By Stephen Wilds | Contributor Published: 07/10/2013 10:00 am EST
Publish date: July 10, 2013 Publisher: Dark Horse Comics
“Dying never hurts anyone, except those it leaves behind.” – Cherri Cola
Back again, in this crazy Wild West world filled with the wickedness and wonder, but most importantly containing the Killjoys—I’m pumped! The end of the first issue left readers confused as to what happened in the battle at the nest between the scarecrows and Val’s new band of wannabe Killjoys, but fear not, though their home was destroyed, it seems they have all survived, but that is not where issue two begins.
First, a much deeper gaze is given into the life of Korse—a scarecrow, one of the bad guys. Korse is not doing so well, though; scarred, pill popping, and wearing frilly sleeves, he has been called in for a work evaluation, slacking in his role as an experienced killologist. Some of the transitions in this scene are odd and jarring, but that does not keep writer Gerard Way from getting the point across. Korse is an interesting character and it will be quite amusing to see what kind of trouble he is actually getting himself into.
The do-gooder resident android hooker, known only as Blue, is still working hard to try and save her dying porn-droid friend, Red. No good deed goes unpunished though, and I expect Blue to take a very interesting turn as well in the following issues, as she will most likely be forced to resort to some more drastic measures. Cherri Cola has found the lost and scared little girl, who still isn’t sure if she is actually special or not. Cola wants to be a pacifist, no matter how good he may be with the ray gun. He instead talks to the girl about the spirituality behind death, the colors, and the witch—all interesting, but I am a fan of Destroya myself.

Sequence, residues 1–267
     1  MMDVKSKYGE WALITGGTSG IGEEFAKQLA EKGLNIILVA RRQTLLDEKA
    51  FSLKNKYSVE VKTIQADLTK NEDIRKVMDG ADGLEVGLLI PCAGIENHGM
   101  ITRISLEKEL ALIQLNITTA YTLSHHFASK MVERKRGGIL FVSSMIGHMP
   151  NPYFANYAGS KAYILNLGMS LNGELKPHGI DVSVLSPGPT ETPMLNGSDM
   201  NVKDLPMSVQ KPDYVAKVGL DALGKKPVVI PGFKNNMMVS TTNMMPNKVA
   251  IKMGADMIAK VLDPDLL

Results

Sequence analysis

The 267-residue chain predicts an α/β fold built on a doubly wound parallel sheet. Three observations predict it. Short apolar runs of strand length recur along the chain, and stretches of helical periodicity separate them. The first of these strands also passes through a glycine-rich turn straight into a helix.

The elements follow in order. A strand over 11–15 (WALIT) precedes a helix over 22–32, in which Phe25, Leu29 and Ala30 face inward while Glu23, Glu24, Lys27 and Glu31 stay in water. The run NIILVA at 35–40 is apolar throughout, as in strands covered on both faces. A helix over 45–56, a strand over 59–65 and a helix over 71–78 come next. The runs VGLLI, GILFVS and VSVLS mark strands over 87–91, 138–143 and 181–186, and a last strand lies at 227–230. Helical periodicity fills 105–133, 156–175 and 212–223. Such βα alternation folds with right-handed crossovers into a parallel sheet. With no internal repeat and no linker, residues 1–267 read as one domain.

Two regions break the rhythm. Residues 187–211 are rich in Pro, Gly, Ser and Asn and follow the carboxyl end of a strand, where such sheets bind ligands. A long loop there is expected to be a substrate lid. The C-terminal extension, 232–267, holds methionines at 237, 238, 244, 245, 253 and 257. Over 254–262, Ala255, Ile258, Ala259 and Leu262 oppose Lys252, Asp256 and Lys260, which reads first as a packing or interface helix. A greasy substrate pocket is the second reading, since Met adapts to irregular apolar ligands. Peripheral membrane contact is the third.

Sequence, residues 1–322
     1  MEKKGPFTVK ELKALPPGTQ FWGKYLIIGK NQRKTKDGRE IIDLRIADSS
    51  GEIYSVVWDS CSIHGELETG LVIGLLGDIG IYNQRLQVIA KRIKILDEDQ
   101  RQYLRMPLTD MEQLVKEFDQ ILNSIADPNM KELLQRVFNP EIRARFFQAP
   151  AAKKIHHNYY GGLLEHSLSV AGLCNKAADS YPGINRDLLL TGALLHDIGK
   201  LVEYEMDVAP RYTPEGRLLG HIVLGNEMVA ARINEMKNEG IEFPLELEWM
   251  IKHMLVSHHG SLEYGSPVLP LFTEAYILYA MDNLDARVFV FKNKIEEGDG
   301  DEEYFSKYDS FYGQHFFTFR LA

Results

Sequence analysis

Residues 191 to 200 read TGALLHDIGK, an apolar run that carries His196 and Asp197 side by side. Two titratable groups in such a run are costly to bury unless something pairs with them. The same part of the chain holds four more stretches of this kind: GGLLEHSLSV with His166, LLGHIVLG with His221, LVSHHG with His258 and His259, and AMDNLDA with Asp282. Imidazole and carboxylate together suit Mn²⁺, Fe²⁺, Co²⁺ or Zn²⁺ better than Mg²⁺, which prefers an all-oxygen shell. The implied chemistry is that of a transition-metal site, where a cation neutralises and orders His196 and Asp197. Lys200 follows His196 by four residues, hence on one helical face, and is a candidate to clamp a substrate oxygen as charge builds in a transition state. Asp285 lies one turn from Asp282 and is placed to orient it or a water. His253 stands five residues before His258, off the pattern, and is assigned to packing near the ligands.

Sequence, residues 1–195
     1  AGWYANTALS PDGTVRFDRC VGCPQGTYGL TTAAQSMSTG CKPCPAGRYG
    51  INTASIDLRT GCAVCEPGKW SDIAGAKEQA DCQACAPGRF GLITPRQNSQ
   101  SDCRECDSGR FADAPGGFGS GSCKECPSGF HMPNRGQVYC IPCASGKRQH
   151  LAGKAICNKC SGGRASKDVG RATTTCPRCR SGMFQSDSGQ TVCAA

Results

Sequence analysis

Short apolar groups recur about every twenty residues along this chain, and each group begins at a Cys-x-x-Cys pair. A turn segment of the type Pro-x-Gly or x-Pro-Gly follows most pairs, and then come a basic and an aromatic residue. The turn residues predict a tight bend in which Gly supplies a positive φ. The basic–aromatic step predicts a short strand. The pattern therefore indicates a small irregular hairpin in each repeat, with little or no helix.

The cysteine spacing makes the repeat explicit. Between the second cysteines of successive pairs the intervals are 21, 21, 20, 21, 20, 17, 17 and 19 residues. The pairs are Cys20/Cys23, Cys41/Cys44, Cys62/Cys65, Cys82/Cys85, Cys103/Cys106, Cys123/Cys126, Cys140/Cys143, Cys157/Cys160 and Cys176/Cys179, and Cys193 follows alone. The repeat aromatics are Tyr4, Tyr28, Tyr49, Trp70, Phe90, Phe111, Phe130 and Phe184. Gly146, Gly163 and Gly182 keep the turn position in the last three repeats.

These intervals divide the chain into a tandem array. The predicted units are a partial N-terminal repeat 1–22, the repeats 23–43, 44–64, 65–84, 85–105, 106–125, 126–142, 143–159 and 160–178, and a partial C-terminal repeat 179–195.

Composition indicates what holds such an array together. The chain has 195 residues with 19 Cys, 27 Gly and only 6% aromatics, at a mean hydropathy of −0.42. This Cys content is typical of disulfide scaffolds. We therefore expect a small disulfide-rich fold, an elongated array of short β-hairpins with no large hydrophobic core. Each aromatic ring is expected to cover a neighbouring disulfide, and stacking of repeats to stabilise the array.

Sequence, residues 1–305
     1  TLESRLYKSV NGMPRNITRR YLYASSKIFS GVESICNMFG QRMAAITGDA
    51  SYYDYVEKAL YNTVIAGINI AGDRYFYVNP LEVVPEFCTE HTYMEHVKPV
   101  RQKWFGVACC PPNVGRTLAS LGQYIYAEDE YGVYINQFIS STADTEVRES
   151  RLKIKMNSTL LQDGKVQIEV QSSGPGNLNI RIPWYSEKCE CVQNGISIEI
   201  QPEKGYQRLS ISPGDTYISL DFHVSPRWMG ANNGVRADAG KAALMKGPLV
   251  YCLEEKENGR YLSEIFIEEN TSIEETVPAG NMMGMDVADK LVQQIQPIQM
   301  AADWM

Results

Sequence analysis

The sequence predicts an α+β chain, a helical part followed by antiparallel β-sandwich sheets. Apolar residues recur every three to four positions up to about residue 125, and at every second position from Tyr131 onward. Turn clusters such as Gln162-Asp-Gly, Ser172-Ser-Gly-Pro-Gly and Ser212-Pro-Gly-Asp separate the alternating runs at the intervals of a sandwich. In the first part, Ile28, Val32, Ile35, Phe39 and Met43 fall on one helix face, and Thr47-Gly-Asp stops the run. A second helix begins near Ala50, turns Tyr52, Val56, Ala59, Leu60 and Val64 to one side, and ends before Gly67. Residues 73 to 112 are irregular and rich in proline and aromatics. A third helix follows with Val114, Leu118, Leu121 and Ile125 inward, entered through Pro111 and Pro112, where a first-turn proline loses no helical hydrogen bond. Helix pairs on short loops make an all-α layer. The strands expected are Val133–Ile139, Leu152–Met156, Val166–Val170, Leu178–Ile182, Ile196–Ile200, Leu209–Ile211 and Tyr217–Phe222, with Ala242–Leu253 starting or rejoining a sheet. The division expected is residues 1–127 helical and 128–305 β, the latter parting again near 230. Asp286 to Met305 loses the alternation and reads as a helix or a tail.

The True Lives of the Fabulous Killjoys #2 does the series a huge favor by focusing on the secondary characters from the first book, but still providing just enough of the main characters to keep everything interesting. The title feels established now, the chessboard is set, things are beginning to intertwine, and trigger fingers are getting itchy. By the end of the issue, the Killjoys are no longer satisfied with keeping the battles out in the desert, wanting instead to take the fight to the doorsteps of Battery City. Cola is convinced that Val is dangerous and his actions will just put more of his friends in body bags, but even after his warning the only thing that the girl can think about is learning how to shoot, wanting to be more than just a survivor this time.
“Louder than Satan’s sound system.”
I said I was pumped! I want more of Battery City, more lines that flow like musical lyrics, more explanation into the different religions, and sure as hell some more Draculoids. The book still has its issues with narrative, transition, and pacing, but none of these things should stop readers from picking this up at their local comic shop. Becky Cloonan’s art is top notch, even if the map at the end doesn’t compare to last month’s bonus pages. Killjoys #2 is about the sensation and thrill of build-up; not that this could be called a calm, but there is certainly a storm coming.
Summary:GOOD: Welcome back to the Wild West with ray guns and Draculoids, as I excitedly flip the pages and hold tight to my colors, praying to Destroya. The world of the Killjoys craves that raw excitement and is quite deserving of it.